Ratner is brilliant in his writing, and in his portrayal of the human condition, both in prison and in society, as antisemitism rears its ugliness. If this were today, I doubt that Philipp would have been convicted, even through all the discrimination inflicted upon him. There was no conclusive evidence, and the few witnesses that were present used drama tactics to infuse the court’s decision.

For those looking for an intense read, this book is for you. It is not a quick read, not a light read, but a dark and compelling read. Phillip Halsman’s life is the basis for the novel, and Ratman used his life history loosely in portraying the man and his thoughts and feeligns. I applaud Austin Ratner for his brilliant writing, and for bringing to light the circumstances surrounding a man who was wrought with burdens, and a man who overcame some of them, and went on to become a well-known photographer.


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Book Diva Review: The Scientists: A Family Romance

the scientists The Scientists: A Family Romance, by Marco Roth is an unusual memoir, and one, in my opinion that is written more to find psychological and familial truth through the act of writing, than to portray one’s life.

During the 1980s through 1990s fear of AIDS was rampant throughout the country. This fear and is the foundation upon which his teenage years was built. Roth learns at the age of fourteen that his father, Eugene, has AIDS, and is told he acquired it from a needle that slipped out of a patient’s arm. Roth was told never to tell anyone of his father’s condition. Secrecy was the basics of his upbringing. He carried that burden for years to come.

The Scientists is a metaphor for the life of denial that Roth’s parents lived, harboring the secrets that caused Eugene’s (his father’s) AIDS, and eventual death, and harboring other secrets. This superficial exterior was fostered even after the death of Roth’s father.

Roth began to question the stories he had heard over the years, and when his aunt, Anne Rolphe’s memoir was published, he began a journey of searching for answers. His search took him through memory’s closets, and through moments too painful for his parents to acknowledge or want to remember. The time period cast a deep stain on AIDS, which caused the individuals concerned to be frowned upon. They often became societal outcasts, even within their own family members.

That, in itself, is a sad state of affairs on the human condition, and on humanity’s lack of understanding, over AIDS, homosexuality and the discrimination that lies behind ignorance and the lack of acceptance of others.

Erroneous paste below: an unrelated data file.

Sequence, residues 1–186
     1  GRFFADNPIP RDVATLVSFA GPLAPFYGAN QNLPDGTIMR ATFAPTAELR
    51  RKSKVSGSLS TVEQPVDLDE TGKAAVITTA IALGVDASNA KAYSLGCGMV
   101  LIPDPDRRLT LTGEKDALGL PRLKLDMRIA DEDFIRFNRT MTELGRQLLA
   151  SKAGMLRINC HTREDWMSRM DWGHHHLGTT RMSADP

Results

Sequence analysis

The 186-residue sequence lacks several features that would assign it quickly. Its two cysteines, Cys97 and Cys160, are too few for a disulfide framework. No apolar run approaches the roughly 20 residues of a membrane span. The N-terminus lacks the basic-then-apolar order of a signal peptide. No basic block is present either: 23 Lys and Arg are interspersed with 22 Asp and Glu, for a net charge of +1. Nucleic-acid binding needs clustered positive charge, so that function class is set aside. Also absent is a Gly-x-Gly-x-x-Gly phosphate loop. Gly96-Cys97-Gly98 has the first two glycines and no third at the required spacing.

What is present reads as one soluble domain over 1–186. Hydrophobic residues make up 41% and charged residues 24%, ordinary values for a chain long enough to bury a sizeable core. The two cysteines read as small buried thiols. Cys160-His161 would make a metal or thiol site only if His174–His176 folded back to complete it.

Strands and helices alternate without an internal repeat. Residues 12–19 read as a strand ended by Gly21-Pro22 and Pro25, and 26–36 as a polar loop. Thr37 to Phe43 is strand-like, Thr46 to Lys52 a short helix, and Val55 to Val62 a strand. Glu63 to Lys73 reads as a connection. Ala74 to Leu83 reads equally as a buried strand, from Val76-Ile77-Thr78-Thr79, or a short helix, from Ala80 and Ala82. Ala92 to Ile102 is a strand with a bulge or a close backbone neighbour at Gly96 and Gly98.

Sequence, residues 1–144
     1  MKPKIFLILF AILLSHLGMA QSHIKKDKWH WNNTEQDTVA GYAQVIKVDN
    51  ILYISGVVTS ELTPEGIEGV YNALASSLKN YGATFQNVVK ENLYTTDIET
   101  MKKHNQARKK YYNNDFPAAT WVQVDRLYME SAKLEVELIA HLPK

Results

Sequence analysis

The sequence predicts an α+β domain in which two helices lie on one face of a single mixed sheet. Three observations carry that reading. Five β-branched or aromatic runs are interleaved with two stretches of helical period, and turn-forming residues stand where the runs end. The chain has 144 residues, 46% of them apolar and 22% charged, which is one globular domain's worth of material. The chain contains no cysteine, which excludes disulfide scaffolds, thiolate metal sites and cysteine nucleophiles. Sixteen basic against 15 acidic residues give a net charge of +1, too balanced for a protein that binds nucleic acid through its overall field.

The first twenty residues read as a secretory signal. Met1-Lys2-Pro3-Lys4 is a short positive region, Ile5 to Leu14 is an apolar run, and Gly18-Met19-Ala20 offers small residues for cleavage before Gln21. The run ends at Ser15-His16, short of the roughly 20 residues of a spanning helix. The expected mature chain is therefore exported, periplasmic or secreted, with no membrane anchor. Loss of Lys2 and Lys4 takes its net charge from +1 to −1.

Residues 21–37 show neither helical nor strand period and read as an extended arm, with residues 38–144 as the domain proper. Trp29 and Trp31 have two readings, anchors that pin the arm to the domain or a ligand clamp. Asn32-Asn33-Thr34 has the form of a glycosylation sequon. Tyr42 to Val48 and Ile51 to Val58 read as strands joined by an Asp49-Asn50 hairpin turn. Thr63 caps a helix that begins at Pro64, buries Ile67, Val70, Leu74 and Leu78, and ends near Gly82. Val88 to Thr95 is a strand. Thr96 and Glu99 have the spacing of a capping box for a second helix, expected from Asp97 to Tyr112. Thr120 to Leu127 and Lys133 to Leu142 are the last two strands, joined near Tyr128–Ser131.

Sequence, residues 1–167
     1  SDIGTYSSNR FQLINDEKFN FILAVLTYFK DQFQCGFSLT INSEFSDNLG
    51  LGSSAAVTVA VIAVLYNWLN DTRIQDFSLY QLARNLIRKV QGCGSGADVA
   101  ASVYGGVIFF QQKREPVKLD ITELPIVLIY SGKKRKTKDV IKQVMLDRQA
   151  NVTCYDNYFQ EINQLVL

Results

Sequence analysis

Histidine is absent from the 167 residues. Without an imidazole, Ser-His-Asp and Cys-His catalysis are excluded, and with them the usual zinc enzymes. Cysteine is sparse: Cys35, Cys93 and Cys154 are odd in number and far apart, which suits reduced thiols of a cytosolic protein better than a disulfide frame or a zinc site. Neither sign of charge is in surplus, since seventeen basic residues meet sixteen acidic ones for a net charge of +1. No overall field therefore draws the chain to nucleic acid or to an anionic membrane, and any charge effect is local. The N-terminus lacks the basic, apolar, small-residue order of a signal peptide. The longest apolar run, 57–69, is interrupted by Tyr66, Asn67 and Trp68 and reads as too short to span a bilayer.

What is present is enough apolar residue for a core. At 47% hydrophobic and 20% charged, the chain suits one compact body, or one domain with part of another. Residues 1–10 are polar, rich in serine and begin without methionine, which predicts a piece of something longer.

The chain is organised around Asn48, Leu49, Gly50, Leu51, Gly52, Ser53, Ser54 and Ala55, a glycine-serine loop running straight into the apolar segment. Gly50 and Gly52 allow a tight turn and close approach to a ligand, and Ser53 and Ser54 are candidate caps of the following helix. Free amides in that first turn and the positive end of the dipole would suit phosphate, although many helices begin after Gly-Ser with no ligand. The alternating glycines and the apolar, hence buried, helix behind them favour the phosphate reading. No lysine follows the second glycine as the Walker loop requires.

Roth’s parents were affluent, and believed that education was the answer to the future. This played heavily in his life, as he became a precocious child, playing the violin, reading Shakespeare, etc. These educational and cultural efforts were part and parcel of the Roth lifestyle.

Through his memoir he was able to move forward, and come to terms with the secrets and familial dynamics that encompassed his life. He was able to understand the social stigmas forced on those who had AIDS, the discrimination spewed out to homosexuals, and the entire spectrum surrounding those issues that led to generations of secrets. What he was not totally able to come to terms with was the total effect of how he was affected by his father’s insistence, and how the ghost of his father still lingers.

Emotions range the gamut within the pages, with Roth often wandering in limbo, trying to find the answers, answers of identity and truth. He questions himself, who he is, and whether he carries the genes of his father’s philandering.

I can not say that I enjoyed reading The Scientists: A Family Romance, it isn’t that type of memoir. I did not see the romance between the lines, other than his father’s wanderings with others. It wasn’t a book of inspiration. But, I will say that the writing is definitely illuminated with vivid imagery. Marco Roth writes with honesty and conciseness in exhibiting his emotions and thoughts, his search for truth and identity. He does not hide what was unspoken, or carry the secrets forward. That is the strength the reader finds within the pages of The Scientists: A Family Romance.

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Book Diva Review: What My Mother Gave Me


What My Mother Gave Me, by Elizabeth Benedict, is a book of collected stories from thirty-one women. Each story is inspiring in its own way, and holds a wealth of insight into what we hold dear and precious, and what we consider as a gift given to us by our mother.

Gifts do not have to be tangible or physical items, they can be gifts of acceptance or recognition, gifts that touch us in ways that only the intangible can. From verbal gifts, a gift of sobriety from a mother, a boat ride, the warmth of a quilt, the power of independence, and so much more, the stories are examples of mother and daughter relationships.

We often define ourselves through our interactions with our mother. Whether we agree, disagree, have rough moments or joyous ones, at times there are those moments of recognition that enable us to move forward knowing there is a gift we can hold dear in our hearts. Whether it be a physical gift a memory or words of encouragement, that gift is valuable and precious to us, and helps cement our mother-daughter relationship.

Some gifts transcend time, some teach us about the world, and other gifts last a short amount of time, but the memories linger on. They help us to find a sense of self within the ongoing societal demands. They bring direction to our lives.

The women whose stories appear in What My Mother Gave Me: Thirty-one Women on the Gifts That Mattered Most, deliver a deep-range of emotion and thoughtfulness in their writing. The stories illuminate their relationships, and foster what matters most to them within the confines of their interactions with their mothers.

I highly recommend this book to everyone, it is not only inspiring, but also a lovely study on the mother-daughter relationship. It is a book filled with humor, poignancy and love. There is a story within the pages for every daughter and every mother.